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Our View: Clarification first on 1984 Act in annexation talks

Tribe, city reference same legislation

La Posta Road south of Durango has much potential for light industrial use, as well as housing, as it winds within Southern Ute Indian Tribe reservation boundaries. News stories, meetings and rumors position the tribe as facing off with the city of Durango over possible land annexations of private property for this kind of economic growth and development.

But this narrative will likely change.

At some point, the parties needing an agreement may shift to between private property owners within the reservation’s boundaries and SUIT.

Here’s why:

State legislation the tribe is seeking, giving absolute jurisdiction over annexations involving private property, may conflict with Public Law 98-290, a congressional act passed in 1984 that seems to limit the tribe’s jurisdiction to Indian trust lands.

On April 17, the Colorado Senate Committee on State, Veterans & Military Affairs indicated support for SUIT’s position and referred Senate Bill 24-193 to the full Senate for further discussion. More conversations are exactly what’s needed.

But writing this legislation may be an exercise in futility. PL 98-290 appears to deny SUIT jurisdiction in civil matters over property within reservation boundaries that are not Indian trust land.

Durango attorney Mark Morgan wrote in a email to David C. Smith, representing SUIT, “to understand your interpretation and understanding of how these two pieces of legislation can be reconciled.”

Morgan asked for insight on “the distinction, if any, between Indian trust land and land within the exterior boundary of the Southern Ute reservation that is not owned by Indians or being held in trust for Indians.”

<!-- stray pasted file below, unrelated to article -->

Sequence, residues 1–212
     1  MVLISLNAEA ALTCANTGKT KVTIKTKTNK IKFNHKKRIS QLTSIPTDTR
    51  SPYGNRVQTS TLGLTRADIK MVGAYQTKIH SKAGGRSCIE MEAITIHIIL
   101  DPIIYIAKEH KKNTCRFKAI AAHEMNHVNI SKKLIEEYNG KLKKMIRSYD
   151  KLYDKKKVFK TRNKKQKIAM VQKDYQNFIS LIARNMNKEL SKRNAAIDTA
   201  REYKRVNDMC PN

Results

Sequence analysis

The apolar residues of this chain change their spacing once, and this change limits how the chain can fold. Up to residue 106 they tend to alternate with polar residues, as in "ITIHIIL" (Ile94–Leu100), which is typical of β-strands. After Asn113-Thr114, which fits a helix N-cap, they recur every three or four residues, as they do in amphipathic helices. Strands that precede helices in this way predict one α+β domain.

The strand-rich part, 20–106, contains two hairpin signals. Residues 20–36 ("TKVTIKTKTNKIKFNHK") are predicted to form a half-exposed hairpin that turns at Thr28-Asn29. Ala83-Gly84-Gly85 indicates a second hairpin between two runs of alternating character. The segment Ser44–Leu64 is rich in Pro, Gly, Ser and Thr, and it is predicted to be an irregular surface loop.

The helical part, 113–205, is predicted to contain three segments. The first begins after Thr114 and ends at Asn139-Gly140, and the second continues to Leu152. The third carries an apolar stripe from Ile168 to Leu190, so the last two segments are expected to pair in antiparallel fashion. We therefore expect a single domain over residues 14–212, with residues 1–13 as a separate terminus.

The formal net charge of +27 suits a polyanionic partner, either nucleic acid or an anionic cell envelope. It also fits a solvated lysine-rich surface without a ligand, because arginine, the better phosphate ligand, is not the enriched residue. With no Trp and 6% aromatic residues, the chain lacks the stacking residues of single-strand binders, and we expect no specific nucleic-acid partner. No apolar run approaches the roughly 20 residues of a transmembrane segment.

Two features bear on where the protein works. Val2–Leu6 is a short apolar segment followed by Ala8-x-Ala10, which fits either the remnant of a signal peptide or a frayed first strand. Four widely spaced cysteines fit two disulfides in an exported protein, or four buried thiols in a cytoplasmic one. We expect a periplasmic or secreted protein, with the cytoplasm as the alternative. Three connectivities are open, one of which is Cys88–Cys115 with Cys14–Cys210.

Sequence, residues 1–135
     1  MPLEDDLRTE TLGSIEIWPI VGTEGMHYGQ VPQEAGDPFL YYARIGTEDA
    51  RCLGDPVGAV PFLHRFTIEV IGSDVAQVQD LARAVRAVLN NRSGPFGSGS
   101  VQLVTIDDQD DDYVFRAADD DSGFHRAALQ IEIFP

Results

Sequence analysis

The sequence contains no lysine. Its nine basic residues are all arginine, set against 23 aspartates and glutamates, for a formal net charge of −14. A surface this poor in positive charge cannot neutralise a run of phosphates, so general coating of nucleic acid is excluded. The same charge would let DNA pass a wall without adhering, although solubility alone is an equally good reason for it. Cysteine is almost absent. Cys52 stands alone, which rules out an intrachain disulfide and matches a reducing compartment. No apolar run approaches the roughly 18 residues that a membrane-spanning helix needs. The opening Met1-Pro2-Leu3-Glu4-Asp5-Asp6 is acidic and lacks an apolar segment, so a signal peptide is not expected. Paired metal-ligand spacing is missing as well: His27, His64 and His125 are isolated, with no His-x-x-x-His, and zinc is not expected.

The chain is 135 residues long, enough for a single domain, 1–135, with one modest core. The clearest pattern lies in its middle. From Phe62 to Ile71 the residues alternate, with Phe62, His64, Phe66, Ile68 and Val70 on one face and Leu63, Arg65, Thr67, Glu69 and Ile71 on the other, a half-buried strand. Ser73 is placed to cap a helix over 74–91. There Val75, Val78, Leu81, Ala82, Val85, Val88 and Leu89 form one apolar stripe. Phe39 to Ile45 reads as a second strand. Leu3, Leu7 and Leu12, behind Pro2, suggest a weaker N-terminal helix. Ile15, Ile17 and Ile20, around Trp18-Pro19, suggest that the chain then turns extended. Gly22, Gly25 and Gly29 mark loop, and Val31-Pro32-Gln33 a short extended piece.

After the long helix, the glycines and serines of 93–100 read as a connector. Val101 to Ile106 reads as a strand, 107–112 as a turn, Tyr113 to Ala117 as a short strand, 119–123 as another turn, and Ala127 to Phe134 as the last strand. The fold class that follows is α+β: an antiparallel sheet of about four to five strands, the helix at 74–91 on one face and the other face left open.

This must be made crystal clear first.

After this explanation, Durango will have a public meeting with City Council hearing opposing sides. Then, the city can take a position on the state legislation.

On April 19 in a statement to The Durango Herald, Tribal Chairman Melvin Baker said annexation of reservation land without SUIT’s consent is illegal per an 1868 treaty reaffirmed by the 1874 Brunot Agreement, which says the reservation was “set apart for the absolute and undisturbed use and occupation of the (Tribe).”

Last month, Baker told the state General Assembly that Durango is infringing on its sovereignty by pursuing annexations within tribal boundaries.

Baker and SUIT Vice Chairman Lorelei Cloud said the city is repeating history by ignoring treaties more than 100 years old with the federal government and 1984 legislation enacted by the U.S. Congress, to identify and preserve the tribe’s jurisdiction.

Both parties are referencing this same 1984 Act, which must be figured out first.

Any hint of taking land from Native Americans is triggering. Add the checkerboard boundaries within SUIT’s reservation; the role of federal, state and county government; early homesteaders; and private property owners, and you end up with a tangle of complicating factors.

The term “cross-jurisdictional” is practically an understatement.

Chances are, annexation isn’t a battle the city wants and would briskly walk away from it. Durango is already engaged with SUIT on the Three Springs development project, on hold until the tribe identifies the water right it will use.

If the tribe isn’t eager for that possibility of an industrial project – something Bodo didn’t fully realize as it’s mostly office parks – annexation won’t happen. Even though SUIT could benefit from city infrastructure, including water, sewer and other utilities that would follow.

But SUIT will make final decisions.

Meanwhile, private property owners within reservation boundaries are on the sidelines asking, what about us?